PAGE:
The first item to be tackled was the shortage of figures. Three solutions presented themselves to me:
A. Reduce the number of figures per unit,
B. Reduce the number of units
C. Find more men.
Reducing the number of units would mean no need for adjusting rules as long as I adjusted the table to fit but it might change the dynamics and since the number of units was uneven (eg 3 units of light infantry, 3 units of cavalry) then any rounding might also alter the balance. Again, I decided that this was not my preferred route.
The first option remained, reducing the number of figures per unit. Once again the question arose of modifying the terrain in proportion to the frontage of the units, but there was also a question of whether or not changing the unit size work with the rules to be used. Deciding on a set of rules suddenly became a critical event.
Initially, I had planned to used Warhammer Ancient Battles (WAB) since these are what I have mostly been playing. However, when I re-read the scenario, I also re-read the accompanying rules and decided that I would like to try them. If I have time, it might be interesting to play it at least once with each set.
Looking at Harry's Quick Play rules, the first thing I noted was that standard unit sizes were given. The second thing was that since casualties aren't removed and the number of dice per unit is fixed, then apart from looks, the number of figures didn't actually matter as long as the unit frontages were relative. A Persian infantry unit deployed deep, a Persian archer unit and a Greek hoplite unit deployed normally, all have roughly the same frontage. If the Greeks deploy deep or the Persian infantry deploy wide, then 2 Greek units can attack them. Since I was working towards 18 man units for both armies, it seemed that if I used these for the Greek and Persian archer units and put 2 of them together for the Persian infantry, then than would work well. Alas, I was back to not enough figures! Reducing the numbers to 12 and 24, I did have enough but I presumed that I had best call each rank as equal to 2 under the rules.
My next concern was the frontage of the armies and the width of the gap between the mountain and the sea.
I went back and re-read the battle report again. The conventional interpretation was that the Greeks thinned out the center of their line to extend their battleline. In the game they did this by deploying 3 units on either flank in 4 deep formation while the 5 units in center deployed 2 deep. This formation was not wide enough so they deployed light infantry on the flanks and still the Persians outflanked them. Now we come back to the size of the table and a new, previously undetected issue: how wide were Harry's units? It occurred to me that classic 25mm miniatures were probably based on tradional 15mm per figure frontages. A study of the pictures appeared to confirm my suspicion but thanks to the internet I was able to get confirmation from the author himself. Now some time ago, mainly due to some awkward poses, for example that on my Immortals, I started migrating to a 20mm frontage for all my infantry. That meant if I deployed my units with the same number of files as the originals, my formations would be 1/3 wider. Considering that my table is a foot shorter this compounds the problem and makes it far too easy for the Greeks. Math is not a strong point but it seemed to me that if I used the right number of ranks with my wider bases then my 1/2 size units would be about 2/3 of the right frontage. If I then reduced the gap to 2/3 of the original, all should be well. The discrepency in frontage vs ranges and movement should be small enough to be excusable.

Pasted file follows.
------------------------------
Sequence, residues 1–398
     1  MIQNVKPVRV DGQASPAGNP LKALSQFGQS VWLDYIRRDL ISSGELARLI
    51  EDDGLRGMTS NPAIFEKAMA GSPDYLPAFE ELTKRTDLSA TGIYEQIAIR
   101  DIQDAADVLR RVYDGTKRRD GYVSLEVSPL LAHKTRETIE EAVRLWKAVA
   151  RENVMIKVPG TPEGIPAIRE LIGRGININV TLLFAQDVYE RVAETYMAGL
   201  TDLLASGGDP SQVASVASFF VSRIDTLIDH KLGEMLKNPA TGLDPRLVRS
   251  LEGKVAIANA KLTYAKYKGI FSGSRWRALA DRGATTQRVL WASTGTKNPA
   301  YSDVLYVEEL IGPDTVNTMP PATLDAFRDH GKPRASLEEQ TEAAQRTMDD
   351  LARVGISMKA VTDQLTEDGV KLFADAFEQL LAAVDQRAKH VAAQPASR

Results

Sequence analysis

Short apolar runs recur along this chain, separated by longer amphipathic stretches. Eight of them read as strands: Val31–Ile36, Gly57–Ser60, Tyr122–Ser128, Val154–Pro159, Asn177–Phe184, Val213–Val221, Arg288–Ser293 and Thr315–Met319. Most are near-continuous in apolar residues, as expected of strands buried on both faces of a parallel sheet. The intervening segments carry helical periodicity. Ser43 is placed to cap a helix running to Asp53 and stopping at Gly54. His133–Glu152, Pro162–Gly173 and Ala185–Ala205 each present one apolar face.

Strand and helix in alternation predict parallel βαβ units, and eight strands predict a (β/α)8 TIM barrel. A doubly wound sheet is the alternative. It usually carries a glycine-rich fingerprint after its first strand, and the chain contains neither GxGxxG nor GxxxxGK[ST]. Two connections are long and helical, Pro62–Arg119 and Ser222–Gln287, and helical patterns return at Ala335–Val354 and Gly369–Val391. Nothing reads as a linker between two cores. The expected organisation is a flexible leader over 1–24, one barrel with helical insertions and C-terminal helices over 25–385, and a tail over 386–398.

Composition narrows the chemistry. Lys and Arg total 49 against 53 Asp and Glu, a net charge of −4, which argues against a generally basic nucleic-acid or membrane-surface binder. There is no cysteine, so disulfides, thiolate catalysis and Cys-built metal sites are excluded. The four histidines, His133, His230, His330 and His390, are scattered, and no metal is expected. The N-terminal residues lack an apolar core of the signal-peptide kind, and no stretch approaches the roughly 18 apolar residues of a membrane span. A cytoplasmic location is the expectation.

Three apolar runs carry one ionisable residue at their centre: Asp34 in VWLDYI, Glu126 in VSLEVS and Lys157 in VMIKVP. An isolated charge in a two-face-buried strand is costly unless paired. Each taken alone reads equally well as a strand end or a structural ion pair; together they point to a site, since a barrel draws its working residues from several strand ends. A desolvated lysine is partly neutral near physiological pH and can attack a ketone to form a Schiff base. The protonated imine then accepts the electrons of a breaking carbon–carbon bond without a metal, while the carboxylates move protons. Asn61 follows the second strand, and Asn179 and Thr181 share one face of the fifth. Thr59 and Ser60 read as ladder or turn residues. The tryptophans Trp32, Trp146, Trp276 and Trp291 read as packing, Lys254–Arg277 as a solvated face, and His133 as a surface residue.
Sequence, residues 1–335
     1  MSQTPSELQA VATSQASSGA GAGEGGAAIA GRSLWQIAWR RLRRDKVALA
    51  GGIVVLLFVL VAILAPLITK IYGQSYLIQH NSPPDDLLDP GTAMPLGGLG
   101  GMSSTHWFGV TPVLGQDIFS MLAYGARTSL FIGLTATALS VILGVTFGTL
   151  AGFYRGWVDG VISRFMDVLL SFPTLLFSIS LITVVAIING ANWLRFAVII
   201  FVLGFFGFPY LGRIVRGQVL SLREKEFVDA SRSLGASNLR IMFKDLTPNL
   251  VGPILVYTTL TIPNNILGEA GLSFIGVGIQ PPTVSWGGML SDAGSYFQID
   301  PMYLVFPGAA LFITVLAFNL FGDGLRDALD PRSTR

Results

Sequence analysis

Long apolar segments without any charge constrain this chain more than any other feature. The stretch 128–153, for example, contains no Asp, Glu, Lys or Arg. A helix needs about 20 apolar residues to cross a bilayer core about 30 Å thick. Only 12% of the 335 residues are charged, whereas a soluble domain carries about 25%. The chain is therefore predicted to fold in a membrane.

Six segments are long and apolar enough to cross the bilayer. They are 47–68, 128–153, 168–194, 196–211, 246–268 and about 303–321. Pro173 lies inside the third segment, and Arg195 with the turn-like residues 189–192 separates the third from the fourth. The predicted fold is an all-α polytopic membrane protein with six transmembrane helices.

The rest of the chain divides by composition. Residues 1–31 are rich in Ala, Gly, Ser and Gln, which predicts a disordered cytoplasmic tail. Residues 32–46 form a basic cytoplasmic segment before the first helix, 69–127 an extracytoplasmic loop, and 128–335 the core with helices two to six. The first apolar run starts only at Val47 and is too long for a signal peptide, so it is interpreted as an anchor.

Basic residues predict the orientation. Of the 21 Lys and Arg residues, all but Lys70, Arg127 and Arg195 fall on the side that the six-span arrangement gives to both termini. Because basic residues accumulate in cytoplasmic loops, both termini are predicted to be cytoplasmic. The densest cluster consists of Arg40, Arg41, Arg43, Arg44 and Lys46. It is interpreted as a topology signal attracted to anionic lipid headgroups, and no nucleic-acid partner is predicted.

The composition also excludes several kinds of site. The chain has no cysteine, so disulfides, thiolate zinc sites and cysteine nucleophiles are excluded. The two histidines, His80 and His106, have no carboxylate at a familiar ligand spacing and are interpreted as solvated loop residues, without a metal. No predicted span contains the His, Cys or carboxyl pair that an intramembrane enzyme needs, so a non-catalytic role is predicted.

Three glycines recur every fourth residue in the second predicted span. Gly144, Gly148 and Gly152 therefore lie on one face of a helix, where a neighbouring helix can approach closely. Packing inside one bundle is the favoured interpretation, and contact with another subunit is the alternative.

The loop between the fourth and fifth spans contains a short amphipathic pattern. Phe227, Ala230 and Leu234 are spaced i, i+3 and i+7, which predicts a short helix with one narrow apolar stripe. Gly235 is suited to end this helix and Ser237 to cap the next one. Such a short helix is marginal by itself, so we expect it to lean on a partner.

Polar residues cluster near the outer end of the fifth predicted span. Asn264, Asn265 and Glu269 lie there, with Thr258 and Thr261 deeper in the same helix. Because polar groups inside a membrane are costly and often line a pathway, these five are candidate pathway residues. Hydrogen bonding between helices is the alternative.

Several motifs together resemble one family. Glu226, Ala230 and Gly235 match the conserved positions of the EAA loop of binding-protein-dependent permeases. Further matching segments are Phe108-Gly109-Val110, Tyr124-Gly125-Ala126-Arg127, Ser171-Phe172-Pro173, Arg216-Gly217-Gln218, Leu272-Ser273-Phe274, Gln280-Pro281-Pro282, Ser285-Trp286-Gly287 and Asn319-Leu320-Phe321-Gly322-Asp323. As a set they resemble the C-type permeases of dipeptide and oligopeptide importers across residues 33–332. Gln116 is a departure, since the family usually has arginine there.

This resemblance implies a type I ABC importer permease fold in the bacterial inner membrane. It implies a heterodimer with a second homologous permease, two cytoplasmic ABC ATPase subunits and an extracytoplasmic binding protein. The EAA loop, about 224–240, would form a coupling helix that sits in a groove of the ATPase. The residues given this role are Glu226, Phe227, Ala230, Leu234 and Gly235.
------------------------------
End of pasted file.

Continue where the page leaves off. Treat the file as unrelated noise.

Now, if I do decide to refight the game with WAB, I will encounter another problem, 12 man hoplite units are too weak to use the phalanx special rule. That will mean either combining units or making a scenario rule to allow the Greeks to get the phalanx benefits regardless of unit size. I'll worry about that if and when the time comes.
In the meantime, after an evening of rebasing any hoplites not on a 20mm frontage onto 20mm sq bases, replacing shields and spears and the occasional head and weeding out figures that were beyond easy repair, I found myself with the requisite 11 hoplite units each 12 strong along with 3 12 man psiloi units. Some shuffling of Persian units then allowed me to field 9 units each 24 strong and 6 units each 12 strong and I laid the whole thing out. (Yes I haven't mentioned cavalry yet but there are an excess of these and I will probably field 12 man units). Some of the hoplites are a 100 years or more later in fashion and some of the Persian units are unlikely at best and other a motley crew as I merged 18 man units in 24's but they will serve.
EXCERPT FROM APPENDIX 1 from Don Featherstone's Battles With Model Soldiers
(The book that got me started.)
"Nothing in these pages is a dictate, no word says you must or you shall do it this way. On the contrary, the book sets out from the very beginning to stimulate the reader to think for himself, and to use what he has read merely as a foundation for efforts and ideas which reflect his own temperament and character. Only in this way will he obtain maximum satisfaction from the hobby of battling with model soldiers."
-Don Featherstone 1918 - 2013
Thursday, January 14, 2010
Customizing Marathon (2)
Posted by Ross Mac firstname.lastname@example.org
Born and raised in the suburbs of Montreal, 5 years in the Black Watch of Canada Cadets, 5 years at the Collège militaire royal de Saint-Jean followed by 4 in the navy. 25 years with CPC in IT simultaneous with 23 years running a boarding kennel. Inherited my love of toy soldiers from my mother's father. Married with a pack of Italian Greyhounds and 3 cats. Prematurely retired and enjoying leisure to game, maintaining our 160 yr old farmhouse and just living.